Swirling flow patterns in a computer simulation of turbulence
Click on image for full size
Courtesy of G. Brethouwer (Royal Inst. Tech., Sweden)
Turbulence: All Mixed Up
If you've ever ridden in an airplane, you might have some idea what turbulence
is. When an airplane flies through a turbulent place in the atmosphere it will
bounce around a bit as the wind outside blows the plane in different directions.
Nothing to worry about - turbulence is natural and it happens all over the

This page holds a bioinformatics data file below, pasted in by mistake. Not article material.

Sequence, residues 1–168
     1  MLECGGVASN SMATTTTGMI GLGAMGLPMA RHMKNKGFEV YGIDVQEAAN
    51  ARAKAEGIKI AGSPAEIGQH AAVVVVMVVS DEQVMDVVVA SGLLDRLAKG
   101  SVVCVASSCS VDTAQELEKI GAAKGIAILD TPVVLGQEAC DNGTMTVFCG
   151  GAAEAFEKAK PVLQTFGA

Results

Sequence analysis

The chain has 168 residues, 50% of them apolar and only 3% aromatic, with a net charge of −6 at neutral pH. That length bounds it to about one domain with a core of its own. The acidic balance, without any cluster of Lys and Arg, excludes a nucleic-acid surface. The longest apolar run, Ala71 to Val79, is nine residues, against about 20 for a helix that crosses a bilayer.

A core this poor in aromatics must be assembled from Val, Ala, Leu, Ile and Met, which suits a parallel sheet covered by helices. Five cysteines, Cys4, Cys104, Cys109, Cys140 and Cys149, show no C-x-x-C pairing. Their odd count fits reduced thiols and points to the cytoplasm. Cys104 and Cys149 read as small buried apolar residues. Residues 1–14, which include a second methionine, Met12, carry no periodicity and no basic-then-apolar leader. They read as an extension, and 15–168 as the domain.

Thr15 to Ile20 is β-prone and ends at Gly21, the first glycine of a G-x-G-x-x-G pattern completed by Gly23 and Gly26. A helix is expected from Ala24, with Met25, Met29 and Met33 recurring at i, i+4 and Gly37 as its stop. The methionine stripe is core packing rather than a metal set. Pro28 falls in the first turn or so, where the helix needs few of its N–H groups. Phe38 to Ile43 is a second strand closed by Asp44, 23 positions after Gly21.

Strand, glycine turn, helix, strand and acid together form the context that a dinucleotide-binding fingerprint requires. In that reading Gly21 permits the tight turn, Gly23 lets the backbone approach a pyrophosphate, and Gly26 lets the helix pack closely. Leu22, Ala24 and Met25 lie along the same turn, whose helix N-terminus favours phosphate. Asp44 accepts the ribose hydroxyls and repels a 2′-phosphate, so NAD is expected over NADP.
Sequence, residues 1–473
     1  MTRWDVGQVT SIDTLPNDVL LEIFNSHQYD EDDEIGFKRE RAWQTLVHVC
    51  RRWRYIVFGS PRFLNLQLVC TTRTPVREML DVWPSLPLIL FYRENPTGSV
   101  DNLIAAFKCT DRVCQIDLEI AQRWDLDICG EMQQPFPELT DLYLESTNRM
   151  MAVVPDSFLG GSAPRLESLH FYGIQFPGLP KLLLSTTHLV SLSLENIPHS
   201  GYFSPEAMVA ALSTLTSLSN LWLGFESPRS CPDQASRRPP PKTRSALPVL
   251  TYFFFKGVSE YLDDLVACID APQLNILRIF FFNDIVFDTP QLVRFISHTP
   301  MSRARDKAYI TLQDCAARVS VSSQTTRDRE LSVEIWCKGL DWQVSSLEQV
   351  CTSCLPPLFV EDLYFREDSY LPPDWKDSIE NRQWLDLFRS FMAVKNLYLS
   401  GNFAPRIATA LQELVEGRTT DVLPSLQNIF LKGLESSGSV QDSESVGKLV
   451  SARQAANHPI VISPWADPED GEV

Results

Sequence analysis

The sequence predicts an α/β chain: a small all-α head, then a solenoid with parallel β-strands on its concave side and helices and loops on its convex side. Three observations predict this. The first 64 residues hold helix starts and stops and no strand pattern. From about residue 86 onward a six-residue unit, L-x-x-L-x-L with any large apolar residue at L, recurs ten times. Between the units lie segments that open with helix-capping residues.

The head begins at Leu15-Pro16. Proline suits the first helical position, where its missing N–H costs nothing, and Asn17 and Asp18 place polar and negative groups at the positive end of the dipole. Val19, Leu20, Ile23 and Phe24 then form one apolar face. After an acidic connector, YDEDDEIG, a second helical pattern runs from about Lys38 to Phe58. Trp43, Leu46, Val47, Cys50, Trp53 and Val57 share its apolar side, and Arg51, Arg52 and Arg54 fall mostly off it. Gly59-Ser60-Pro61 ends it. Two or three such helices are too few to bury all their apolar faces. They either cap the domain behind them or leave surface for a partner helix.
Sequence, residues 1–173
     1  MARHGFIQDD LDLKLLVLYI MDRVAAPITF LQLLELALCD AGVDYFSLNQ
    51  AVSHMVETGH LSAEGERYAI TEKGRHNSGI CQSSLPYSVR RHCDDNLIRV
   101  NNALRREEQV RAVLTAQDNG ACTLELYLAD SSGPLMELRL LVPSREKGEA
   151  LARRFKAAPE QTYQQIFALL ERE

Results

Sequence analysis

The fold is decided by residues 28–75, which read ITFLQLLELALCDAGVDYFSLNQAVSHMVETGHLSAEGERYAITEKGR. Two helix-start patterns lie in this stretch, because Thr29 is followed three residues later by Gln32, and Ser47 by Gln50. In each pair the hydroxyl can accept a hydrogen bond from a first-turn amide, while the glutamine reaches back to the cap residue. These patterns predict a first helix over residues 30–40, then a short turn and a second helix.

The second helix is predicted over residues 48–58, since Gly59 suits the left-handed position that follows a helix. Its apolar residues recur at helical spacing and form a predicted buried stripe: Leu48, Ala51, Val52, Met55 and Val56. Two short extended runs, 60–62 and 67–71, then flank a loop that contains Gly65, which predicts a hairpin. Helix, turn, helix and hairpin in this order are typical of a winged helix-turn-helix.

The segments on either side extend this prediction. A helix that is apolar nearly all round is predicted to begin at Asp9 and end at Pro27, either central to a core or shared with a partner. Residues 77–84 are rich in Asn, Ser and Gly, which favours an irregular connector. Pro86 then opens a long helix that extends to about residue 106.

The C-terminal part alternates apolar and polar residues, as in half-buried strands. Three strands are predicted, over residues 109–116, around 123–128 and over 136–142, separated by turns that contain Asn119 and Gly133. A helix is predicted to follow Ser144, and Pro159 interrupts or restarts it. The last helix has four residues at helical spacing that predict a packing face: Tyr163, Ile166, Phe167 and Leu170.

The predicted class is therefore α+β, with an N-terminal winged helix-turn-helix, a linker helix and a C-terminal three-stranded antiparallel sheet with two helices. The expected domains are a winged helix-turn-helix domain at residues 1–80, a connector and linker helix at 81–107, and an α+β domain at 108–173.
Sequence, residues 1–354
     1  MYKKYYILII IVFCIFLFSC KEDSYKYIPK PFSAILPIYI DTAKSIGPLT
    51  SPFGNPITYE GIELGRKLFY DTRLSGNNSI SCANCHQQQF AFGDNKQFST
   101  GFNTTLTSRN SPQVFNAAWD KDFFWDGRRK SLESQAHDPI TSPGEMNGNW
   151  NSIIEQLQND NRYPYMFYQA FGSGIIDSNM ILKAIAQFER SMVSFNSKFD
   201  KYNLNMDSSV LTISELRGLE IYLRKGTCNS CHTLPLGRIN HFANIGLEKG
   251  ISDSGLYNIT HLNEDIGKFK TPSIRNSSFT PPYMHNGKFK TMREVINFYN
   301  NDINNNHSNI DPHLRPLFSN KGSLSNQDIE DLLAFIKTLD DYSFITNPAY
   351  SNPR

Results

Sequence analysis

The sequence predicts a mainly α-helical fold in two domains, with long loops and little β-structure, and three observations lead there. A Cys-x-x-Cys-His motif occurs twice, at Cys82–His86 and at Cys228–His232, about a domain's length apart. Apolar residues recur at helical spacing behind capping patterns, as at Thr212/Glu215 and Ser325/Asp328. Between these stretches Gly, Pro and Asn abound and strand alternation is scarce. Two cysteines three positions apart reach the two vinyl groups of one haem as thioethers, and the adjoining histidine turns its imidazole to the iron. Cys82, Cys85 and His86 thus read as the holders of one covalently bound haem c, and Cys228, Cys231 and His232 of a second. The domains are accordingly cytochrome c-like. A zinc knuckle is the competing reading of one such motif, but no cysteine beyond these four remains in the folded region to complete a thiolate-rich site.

universe, from river rapids to ocean
waves to Jovian planets to stars
to nebulae! You can even see turbulence
when you pour milk into a cup of hot tea.
Turbulence is just a fluid
moving around crazily so it's all mixed up. Turbulent flows are filled with
swirling and spiraling motions. This is especially true if the object itself
is spinning like a planet or star where the
Coriolis effect causes winds and currents to curve and wiggle around. It's
difficult to predict what a turbulent flow is going to do because of something
called the butterfly
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